That this deterioration of the clergy was a fact is clear from the Records, which contain several convictions against them for drunkenness, and show that no less than seven of them were degraded from their office at one time.[note 17] The evidence of contemporary and other writers, however, shows them in a more favourable aspect on the whole. Thus, Feltham, writing in 1798, remarked that "the clergy of the island are a respectable body; they [252] are natives, and have a good classical education."[note 18] In 1816, we are told that among the clergy "there are few, if any, striking instances of dereliction from their duties, and that, generally speaking, the established habits of the whole body are consonant to the best rules of orthodoxy."[note 19] But it would seem that when Bishop Murray came[note 20] "things had fallen into a very scandalous state;"[note 21] and that he "found great irregularities practised in some of the churches, and a general carelessness pervading by far too large a proportion of the clergy."[note 22] He consequently "purified the ministry of several Priests, whose lives had been a scandal to their holy order."[note 23]

Of the religious condition of the people, we hear practically nothing, but it is clear that it would not be improved by contact with the class of immigrants into the towns from England and elsewhere, many of whom were of the most dissolute and irreligious character,[note 24] by the difficulties in enforcing the discipline, and by the ill-will engendered by the question of the tithe. But, on the other hand, the possession of the Bible in their native tongue, the religious enthusiasm produced by the mission of Wesley and his followers, and the sup- [253] pression of smuggling, with the consequent decrease of drunkenness, tended to counteract these evil influences, and to preserve some spiritual life among them.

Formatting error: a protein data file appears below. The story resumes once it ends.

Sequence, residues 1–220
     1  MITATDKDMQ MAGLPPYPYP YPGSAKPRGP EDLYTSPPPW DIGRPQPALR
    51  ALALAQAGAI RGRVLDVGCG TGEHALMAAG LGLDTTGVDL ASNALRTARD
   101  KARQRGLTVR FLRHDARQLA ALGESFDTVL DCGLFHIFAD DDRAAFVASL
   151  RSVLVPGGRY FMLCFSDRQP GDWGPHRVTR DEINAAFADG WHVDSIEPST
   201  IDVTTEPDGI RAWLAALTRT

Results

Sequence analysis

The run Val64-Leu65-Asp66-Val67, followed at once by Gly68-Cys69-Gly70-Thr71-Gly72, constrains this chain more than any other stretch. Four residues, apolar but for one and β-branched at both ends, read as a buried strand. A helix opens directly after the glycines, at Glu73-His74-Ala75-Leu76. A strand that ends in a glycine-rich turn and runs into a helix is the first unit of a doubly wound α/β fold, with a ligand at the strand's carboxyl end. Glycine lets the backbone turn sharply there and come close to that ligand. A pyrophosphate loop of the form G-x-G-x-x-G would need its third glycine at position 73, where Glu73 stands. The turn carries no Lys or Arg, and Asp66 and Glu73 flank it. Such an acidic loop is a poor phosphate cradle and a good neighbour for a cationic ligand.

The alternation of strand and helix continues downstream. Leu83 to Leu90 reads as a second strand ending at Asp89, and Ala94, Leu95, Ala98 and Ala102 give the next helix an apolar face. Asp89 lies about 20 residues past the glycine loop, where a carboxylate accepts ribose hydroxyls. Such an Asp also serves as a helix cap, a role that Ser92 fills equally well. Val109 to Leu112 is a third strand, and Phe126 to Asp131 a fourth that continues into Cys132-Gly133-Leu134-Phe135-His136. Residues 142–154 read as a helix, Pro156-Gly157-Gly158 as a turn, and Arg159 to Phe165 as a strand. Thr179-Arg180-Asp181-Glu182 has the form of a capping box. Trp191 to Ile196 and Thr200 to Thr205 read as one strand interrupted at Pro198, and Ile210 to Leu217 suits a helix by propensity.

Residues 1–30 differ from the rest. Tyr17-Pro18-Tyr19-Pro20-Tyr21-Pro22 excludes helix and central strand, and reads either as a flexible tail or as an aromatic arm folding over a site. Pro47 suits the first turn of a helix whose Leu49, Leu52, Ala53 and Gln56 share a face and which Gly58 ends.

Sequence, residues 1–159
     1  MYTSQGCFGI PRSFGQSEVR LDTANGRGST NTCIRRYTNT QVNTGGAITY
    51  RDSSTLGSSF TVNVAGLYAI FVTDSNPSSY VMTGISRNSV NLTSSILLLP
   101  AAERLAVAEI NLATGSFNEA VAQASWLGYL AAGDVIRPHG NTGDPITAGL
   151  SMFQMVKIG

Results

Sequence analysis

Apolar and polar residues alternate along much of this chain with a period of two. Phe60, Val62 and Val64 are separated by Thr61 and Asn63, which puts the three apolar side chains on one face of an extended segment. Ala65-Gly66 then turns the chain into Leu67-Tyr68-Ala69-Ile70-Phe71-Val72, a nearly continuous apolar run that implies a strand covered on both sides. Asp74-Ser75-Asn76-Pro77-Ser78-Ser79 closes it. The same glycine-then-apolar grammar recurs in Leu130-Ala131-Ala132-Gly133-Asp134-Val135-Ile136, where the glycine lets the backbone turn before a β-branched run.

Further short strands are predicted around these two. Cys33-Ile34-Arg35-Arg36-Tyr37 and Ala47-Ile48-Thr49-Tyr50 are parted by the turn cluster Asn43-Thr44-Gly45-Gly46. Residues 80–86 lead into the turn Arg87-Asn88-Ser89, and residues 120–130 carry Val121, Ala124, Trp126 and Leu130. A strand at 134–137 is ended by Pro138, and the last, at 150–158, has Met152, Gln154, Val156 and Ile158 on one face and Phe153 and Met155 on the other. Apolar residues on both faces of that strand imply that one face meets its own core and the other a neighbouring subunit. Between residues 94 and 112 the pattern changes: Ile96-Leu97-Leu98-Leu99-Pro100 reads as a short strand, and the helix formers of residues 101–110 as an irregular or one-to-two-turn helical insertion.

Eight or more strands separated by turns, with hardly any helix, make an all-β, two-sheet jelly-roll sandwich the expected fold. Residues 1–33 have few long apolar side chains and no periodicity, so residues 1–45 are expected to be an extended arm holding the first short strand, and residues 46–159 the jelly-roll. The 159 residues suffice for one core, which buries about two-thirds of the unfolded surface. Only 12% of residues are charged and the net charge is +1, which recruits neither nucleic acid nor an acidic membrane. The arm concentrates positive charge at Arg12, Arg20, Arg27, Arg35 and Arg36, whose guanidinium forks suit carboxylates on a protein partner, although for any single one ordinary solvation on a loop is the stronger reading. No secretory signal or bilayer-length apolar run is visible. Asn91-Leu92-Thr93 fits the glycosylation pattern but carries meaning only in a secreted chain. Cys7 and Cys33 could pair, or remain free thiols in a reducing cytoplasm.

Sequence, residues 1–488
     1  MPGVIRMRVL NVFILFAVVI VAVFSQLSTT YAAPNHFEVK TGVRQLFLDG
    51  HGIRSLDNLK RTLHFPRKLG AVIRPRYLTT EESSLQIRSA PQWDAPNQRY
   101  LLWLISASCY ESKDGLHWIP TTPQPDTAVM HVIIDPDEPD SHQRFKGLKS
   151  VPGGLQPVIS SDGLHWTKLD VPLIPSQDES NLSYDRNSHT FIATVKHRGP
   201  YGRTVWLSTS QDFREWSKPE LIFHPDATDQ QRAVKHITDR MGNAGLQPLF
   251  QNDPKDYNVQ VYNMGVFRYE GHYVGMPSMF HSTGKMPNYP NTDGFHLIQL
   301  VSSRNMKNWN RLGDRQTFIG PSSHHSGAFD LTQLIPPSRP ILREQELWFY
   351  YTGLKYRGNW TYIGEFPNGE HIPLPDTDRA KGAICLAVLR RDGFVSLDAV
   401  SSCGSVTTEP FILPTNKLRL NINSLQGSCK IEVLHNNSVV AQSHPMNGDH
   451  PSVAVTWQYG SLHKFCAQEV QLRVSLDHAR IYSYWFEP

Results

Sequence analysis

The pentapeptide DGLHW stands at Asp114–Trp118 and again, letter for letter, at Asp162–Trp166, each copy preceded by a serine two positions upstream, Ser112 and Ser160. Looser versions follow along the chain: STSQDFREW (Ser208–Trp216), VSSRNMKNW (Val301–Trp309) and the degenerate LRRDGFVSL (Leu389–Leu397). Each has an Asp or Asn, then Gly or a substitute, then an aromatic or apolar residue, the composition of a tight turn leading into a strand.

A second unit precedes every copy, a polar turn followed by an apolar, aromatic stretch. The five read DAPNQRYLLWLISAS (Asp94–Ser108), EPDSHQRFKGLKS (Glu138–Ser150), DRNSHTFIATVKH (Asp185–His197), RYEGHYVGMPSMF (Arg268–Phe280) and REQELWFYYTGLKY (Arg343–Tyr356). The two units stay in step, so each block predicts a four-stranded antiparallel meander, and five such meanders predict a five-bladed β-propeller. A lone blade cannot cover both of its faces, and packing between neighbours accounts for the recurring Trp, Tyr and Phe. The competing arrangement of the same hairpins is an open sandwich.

Let us now briefly examine these influences. The immigrants need not be further discussed, so we come to the discipline. It had become very difficult even to get any disciplinary cases before the Spiritual Court, especially such as related to non-attendance at church and to immorality. Of this a singular proof was afforded in I785, when a number of churchwardens complained to the Ecclesiastical Court that they considered it a grievance to be "obliged to present on Common Fame, as also such persons as do not attend divine worship on holy days." In consequence of this, the court appointed a committee to "represent this to the Legislature, as soon as other matters of a similar nature are ready to be laid before them, for their consideration and amendment." The same point arose in 1796, when the bishop took "the sense of the clergy whether it might not be advisable to adopt another mode of punishing such offenders, by proposing to the Legislature to enact a law impowering the Bishop and Vicar-generals to commute their censures for a pecuniary fine." The clergy acquiesced, stating that they found "from sad experience that the censures of the Church have proved ineffectual to suppress the sins of adultery and fornication." No reference, however, seems to have been made to the Legislature, and ten years later the discipline was practically defunct.[note 25]